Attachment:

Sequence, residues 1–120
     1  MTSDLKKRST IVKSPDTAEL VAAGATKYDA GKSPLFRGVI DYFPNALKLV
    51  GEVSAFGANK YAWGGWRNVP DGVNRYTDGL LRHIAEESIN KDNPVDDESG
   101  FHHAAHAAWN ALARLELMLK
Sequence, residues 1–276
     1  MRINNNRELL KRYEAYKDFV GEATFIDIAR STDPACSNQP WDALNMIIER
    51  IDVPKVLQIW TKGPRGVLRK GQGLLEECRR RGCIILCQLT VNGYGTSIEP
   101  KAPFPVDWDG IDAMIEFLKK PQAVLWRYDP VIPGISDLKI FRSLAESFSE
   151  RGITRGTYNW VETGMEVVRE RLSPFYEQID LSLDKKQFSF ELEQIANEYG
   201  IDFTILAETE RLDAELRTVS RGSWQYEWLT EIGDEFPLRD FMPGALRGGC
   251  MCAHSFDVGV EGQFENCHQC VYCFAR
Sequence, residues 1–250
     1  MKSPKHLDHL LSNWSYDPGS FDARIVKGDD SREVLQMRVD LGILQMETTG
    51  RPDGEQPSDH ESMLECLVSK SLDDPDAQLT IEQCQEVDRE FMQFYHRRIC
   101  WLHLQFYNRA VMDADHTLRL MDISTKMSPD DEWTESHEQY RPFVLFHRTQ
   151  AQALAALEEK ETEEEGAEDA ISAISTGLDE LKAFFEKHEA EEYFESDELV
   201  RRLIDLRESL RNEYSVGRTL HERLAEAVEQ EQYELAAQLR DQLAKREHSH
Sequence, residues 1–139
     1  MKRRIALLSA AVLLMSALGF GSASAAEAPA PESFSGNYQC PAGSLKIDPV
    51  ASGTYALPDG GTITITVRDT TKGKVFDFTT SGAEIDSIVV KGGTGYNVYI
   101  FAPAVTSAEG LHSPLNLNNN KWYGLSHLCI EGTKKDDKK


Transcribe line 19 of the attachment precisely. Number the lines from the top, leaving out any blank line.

     1  MKRRIALLSA AVLLMSALGF GSASAAEAPA PESFSGNYQC PAGSLKIDPV